I think there is a sense on the part of some Democrats that there needs to be a generational shift and that she's been in power for too long. But the absence of an opponent, a single focal point for the opposition to rally around, I think is the fundamental problem. Two nights ago, Brian Higgins, a Republican - excuse me - a Democratic congressman from New York was talking up Karen Bass of California as a possible challenger. And then the very next day, Bass herself endorsed Pelosi. That's an illustration of the problem they have.

CORNISH: So no one's stepping up there. More deja vu - recounts in Florida, in Georgia. We spoke to Katherine Harris yesterday. She was Florida's secretary of state during the 2000 presidential election recount in Florida. Here's what she had to say.

(SOUNDBITE OF ARCHIVED BROADCAST)

KATHERINE HARRIS: We have excellent election laws, but we have a very closely divided electorate. I say that we're not a red state or a blue state. We're a purple state. Consequently, we are always going to have close races.

CORNISH: Beneath this rhetoric, how much do you think that kind of the problems that we have seen with the recount - do they undermine the public's confidence in the vote?

PONNURU: It depends of course on how political leaders respond to them. Do they accept defeat graciously? Do they conjure up conspiracy theories if the results don't go the way that they want to? I think that most people understand that you can have some tight elections, but the deja vu that you were mentioning earlier is particularly pronounced in this case because we may once again have a problem of poor ballot design in Broward County, Fla., having national importance. Of course that was the case back in 2000 with the Bush-Gore election, and it may have led to people not voting in the Senate race this time.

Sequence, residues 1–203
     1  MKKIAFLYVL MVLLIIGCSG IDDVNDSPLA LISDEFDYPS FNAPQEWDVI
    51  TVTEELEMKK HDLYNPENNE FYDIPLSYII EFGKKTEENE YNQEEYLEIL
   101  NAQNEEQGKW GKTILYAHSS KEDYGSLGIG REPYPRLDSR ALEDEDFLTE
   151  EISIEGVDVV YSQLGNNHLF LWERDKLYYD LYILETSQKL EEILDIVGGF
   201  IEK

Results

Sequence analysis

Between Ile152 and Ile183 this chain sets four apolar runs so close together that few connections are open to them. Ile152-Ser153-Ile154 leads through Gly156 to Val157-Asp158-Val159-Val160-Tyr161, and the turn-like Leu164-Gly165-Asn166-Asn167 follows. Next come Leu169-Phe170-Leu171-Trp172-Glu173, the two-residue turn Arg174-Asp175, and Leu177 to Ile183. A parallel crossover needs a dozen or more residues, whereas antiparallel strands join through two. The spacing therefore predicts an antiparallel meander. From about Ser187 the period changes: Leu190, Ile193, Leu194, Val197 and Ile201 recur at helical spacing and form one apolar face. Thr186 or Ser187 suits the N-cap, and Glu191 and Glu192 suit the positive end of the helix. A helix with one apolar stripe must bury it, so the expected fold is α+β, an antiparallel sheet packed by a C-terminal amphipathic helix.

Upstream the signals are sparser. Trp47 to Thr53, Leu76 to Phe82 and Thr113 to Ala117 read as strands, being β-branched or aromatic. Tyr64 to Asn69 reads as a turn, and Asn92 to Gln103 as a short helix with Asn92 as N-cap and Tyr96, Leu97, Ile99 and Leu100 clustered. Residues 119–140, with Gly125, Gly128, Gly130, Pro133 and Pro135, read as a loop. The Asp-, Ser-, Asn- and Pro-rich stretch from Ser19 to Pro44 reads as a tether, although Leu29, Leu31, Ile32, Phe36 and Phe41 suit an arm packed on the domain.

CORNISH: E.J., I want to let you jump in here 'cause obviously Democrats have been talking about issues of voter regulations and voter suppression over the last couple of weeks. What do you see about the public's confidence in the vote when we're mired in these recounts?

DIONNE: Well, I think voter suppression was a problem in a lot of places the - making it extremely difficult particularly for people of color or poorer people to vote. I have to say that hearing Ms. Harris' voice made me want to scream about the 2000 recount because this whole week brought back so many of those memories. And I think there are two issues here.

One, the recounts in Florida bring out the worst in Republicans. They act as if counting ballots is the same as inventing votes. President Trump went out and said, well, let's go with the election night count. Let's not keep counting ballots. He didn't realize that he would thereby be excluding a lot of military ballots, which are accepted 10 days after the election.